Wednesday, July 03, 2013

Guestblog: A Native of Middletown, My Dad

We are honored once again to have another slice of history in via a guestblog piece by Middletown resident and veteran Jerry Augustine. Previous essays by Augustine can be read here:

Thank you Mr. Augustine and a belated Happy Father's day to all!

Above, Dad in the garden,
Author with his father.
by Jerry Augustine

As I was growing up on Ridge Road here in Middletown, CT I was always eager to listen to my dad tell his stories of growing up in the south end of Middletown. He was born in 1910 and was raised in the area then known as “Duck Hollow”. It was a predominately Polish neighborhood where East Main Street crosses Union Street and south and east of that location. It does not exist today as Personal Auto Care, Connecticut Rental and the YMCA parking lot occupy some of that space today.
At eleven years of age my father, Edward Augustine, became an orphan. His parents passed on due to one of the many diseases that were prevalent at that time. From then on various Polish families would take my dad in so he would have a family to call his own. He attended St. Mary School on South Main Street until the eighth grade when he found that he needed to make a living at that time in his life. There were many factories and mills in Middletown then and my dad worked in many of them. Some mentioned to me were, Goodyear Rubber Company, Wilcox Lace Shop, Russell Manufacturing, and he even helped build the Middletown-Portland bridge. I will get into a little more detail later on in this story.
He even boxed at Coleman's Carnival, and for a time was the high diver of Middletown. On Sunday afternoons, in the summer, cars would line up along the river, right about where Harbor Park is now.
My dad's friend at the time, Nate Gilletti, would collect change and rarely some paper money from the spectators. My dad had a skeleton key that gave access to the coal chute tower that was there at the time that provided coal to the many barges working on the Connecticut river.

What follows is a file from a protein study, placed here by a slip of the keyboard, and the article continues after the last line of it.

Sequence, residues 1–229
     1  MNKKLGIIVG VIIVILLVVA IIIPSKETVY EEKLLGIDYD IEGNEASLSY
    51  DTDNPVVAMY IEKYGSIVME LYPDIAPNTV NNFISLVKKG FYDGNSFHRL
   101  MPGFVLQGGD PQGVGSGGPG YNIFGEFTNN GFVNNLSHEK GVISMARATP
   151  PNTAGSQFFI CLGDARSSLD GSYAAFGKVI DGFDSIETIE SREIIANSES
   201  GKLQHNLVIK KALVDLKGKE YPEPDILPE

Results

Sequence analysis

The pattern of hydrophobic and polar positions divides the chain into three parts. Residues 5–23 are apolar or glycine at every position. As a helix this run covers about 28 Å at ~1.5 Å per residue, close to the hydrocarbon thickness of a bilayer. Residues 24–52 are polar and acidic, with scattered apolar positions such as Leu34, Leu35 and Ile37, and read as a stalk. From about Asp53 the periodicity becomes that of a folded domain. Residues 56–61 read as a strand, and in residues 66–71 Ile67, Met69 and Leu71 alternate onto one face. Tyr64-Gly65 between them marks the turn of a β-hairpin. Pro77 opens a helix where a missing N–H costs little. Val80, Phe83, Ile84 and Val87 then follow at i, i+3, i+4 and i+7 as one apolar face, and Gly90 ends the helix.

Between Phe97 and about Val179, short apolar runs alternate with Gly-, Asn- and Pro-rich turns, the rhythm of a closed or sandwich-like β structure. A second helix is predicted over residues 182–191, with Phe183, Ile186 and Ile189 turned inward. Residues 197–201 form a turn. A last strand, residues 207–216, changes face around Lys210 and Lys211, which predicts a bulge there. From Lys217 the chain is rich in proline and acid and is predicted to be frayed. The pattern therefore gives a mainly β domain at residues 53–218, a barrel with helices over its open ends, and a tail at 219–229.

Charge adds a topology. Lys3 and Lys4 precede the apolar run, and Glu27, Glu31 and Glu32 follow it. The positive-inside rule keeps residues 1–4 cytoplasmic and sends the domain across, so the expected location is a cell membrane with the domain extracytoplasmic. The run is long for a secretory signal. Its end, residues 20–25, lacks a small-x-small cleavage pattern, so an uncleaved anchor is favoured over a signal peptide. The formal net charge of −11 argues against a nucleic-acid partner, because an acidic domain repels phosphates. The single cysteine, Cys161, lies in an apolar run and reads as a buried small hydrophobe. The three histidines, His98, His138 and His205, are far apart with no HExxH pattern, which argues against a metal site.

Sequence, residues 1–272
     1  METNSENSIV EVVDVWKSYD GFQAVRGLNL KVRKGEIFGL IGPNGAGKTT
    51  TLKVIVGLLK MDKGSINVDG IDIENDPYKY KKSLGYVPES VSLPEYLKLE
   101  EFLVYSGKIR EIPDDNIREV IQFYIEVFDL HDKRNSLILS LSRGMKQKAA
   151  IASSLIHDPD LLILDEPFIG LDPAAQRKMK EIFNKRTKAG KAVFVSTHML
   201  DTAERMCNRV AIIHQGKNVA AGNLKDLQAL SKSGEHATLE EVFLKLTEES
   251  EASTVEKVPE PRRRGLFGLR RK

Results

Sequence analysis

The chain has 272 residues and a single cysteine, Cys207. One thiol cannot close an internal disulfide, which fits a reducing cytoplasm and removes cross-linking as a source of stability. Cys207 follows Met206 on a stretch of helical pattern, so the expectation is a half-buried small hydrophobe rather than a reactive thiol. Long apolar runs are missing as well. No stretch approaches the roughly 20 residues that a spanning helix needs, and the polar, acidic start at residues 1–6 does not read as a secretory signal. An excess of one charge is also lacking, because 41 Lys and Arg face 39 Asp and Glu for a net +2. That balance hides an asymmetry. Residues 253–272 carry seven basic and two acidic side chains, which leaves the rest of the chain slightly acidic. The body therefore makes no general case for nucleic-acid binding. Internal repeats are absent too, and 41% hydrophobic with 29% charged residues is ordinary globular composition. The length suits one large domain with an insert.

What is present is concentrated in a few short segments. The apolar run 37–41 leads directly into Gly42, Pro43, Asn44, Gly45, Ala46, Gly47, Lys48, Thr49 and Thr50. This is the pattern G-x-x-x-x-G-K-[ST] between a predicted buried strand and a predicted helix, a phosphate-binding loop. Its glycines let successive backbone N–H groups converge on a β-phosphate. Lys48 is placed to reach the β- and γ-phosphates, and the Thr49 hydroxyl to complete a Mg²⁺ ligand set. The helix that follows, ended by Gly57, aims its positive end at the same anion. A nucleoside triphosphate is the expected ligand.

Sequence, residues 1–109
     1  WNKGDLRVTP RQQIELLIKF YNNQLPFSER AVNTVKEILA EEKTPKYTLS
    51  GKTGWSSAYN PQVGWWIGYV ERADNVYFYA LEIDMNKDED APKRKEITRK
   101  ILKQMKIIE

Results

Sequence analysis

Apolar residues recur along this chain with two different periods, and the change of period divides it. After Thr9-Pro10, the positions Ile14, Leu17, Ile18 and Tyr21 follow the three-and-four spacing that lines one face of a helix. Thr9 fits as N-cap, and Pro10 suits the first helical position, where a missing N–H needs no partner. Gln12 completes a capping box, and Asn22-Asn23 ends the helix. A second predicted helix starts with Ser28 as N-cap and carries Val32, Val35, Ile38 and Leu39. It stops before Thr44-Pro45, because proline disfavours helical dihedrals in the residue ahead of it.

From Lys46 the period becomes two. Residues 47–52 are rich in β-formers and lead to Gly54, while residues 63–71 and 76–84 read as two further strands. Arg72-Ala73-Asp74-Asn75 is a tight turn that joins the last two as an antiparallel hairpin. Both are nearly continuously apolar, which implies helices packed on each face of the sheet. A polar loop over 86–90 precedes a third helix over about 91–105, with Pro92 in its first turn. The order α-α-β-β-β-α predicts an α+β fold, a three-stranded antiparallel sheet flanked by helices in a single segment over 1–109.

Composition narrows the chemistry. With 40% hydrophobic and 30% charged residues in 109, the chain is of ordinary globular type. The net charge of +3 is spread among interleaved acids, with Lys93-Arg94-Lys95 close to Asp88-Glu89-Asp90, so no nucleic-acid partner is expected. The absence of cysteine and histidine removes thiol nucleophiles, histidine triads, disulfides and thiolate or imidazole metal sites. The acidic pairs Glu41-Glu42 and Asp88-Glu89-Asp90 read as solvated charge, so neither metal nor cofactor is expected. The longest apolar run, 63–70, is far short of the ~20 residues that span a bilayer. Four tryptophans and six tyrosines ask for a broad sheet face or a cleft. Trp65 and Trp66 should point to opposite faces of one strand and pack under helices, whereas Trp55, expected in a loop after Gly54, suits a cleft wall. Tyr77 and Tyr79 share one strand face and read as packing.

When Mr. Gilletti collected enough change he would give my dad the “high” sign so he would begin his walk out to the end of the coal chute derrick to accomplish his dive. My dad told me this activity went on weekly until one day he caught his friend Nate with a rolled up five dollar bill stuck in his ear. I believe that ended a long friendship and a popular summer family attraction. In later years Mr. Gilletti
ran Gilletti's Service Station which was located on Main Street Extension, where the new CVS Pharmacy is now located. In the 1950's I hung around that service station because there was also a “Dairy Queen” on the property. It was also only a half mile from my house. At this time Mr. Gilletti had had a tracheotomy and had to speak with a chrome speaking devise up against his throat which had a small open hole. He had the nickname of “The Whispering Bandit”. I believe that was derived from the ordeal with my dad s' diving and Mr. Gilletti collecting the donations.

Dad working on the Portland Bridge construction
in 1938
Some of the jobs my dad had while growing up included working at the Wilcox Lace Corporation, which was located at the corner of Cooley Ave. and Main Street Extension. In the late 1940's my mom also worked there. I was brought there a few times by my dad when he would pick her up from work. I remember all the women lined up at their work places in front of the huge machines. It's when, for the first time, I heard these new terms spoken. “Piece work, winding bobbins, bolts of lace,” etc. I got to take home some cardboard cones for souvenirs. They were used to wind pure silk threads on them. There were thousands of them in use above the ladies at there stations.